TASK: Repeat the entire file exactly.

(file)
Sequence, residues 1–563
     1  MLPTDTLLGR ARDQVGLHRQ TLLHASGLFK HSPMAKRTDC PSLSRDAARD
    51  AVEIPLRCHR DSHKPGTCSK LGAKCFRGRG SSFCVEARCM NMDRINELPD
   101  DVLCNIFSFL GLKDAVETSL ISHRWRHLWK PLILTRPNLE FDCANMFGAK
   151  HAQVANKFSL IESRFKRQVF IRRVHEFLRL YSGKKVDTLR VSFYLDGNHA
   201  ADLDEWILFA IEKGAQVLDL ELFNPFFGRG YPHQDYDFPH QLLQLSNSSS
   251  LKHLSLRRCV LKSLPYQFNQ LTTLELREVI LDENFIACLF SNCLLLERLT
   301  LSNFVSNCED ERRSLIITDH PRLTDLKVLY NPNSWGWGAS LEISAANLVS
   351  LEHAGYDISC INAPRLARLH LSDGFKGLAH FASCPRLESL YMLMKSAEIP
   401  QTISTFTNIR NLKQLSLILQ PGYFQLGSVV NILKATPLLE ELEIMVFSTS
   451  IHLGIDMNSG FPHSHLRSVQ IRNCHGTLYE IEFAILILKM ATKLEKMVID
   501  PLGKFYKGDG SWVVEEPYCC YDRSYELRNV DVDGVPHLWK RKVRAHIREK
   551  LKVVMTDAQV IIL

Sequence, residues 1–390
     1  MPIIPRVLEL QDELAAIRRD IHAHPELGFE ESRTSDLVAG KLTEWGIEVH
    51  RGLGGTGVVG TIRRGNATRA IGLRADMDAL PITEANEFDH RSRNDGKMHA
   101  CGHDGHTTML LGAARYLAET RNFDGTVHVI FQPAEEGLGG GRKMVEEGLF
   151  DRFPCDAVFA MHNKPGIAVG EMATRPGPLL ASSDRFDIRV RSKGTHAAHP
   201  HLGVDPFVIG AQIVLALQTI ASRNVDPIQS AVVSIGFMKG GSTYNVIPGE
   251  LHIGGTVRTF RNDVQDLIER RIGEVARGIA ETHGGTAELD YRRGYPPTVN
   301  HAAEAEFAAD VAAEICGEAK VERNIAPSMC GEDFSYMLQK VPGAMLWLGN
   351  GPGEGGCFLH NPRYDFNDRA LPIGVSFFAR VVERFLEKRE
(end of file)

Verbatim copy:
Sequence, residues 1–563
     1  MLPTDTLLGR ARDQVGLHRQ TLLHASGLFK HSPMAKRTDC PSLSRDAARD
    51  AVEIPLRCHR DSHKPGTCSK LGAKCFRGRG SSFCVEARCM NMDRINELPD
   101  DVLCNIFSFL GLKDAVETSL ISHRWRHLWK PLILTRPNLE FDCANMFGAK
   151  HAQVANKFSL IESRFKRQVF IRRVHEFLRL YSGKKVDTLR VSFYLDGNHA
   201  ADLDEWILFA IEKGAQVLDL ELFNPFFGRG YPHQDYDFPH QLLQLSNSSS
   251  LKHLSLRRCV LKSLPYQFNQ LTTLELREVI LDENFIACLF SNCLLLERLT
   301  LSNFVSNCED ERRSLIITDH PRLTDLKVLY NPNSWGWGAS LEISAANLVS
   351  LEHAGYDISC INAPRLARLH LSDGFKGLAH FASCPRLESL YMLMKSAEIP
   401  QTISTFTNIR NLKQLSLILQ PGYFQLGSVV NILKATPLLE ELEIMVFSTS
   451  IHLGIDMNSG FPHSHLRSVQ IRNCHGTLYE IEFAILILKM ATKLEKMVID
   501  PLGKFYKGDG SWVVEEPYCC YDRSYELRNV DVDGVPHLWK RKVRAHIREK
   551  LKVVMTDAQV IIL

Sequence, residues 1–390
     1  MPIIPRVLEL QDELAAIRRD IHAHPELGFE ESRTSDLVAG KLTEWGIEVH
    51  RGLGGTGVVG TIRRGNATRA IGLRADMDAL PITEANEFDH RSRNDGKMHA
   101  CGHDGHTTML LGAARYLAET RNFDGTVHVI FQPAEEGLGG GRKMVEEGLF
   151  DRFPCDAVFA MHNKPGIAVG EMATRPGPLL ASSDRFDIRV RSKGTHAAHP
   201  HLGVDPFVIG AQIVLALQTI ASRNVDPIQS AVVSIGFMKG GSTYNVIPGE
   251  LHIGGTVRTF RNDVQDLIER RIGEVARGIA ETHGGTAELD YRRGYPPTVN
   301  HAAEAEFAAD VAAEICGEAK VERNIAPSMC GEDFSYMLQK VPGAMLWLGN
   351  GPGEGGCFLH NPRYDFNDRA LPIGVSFFAR VVERFLEKRE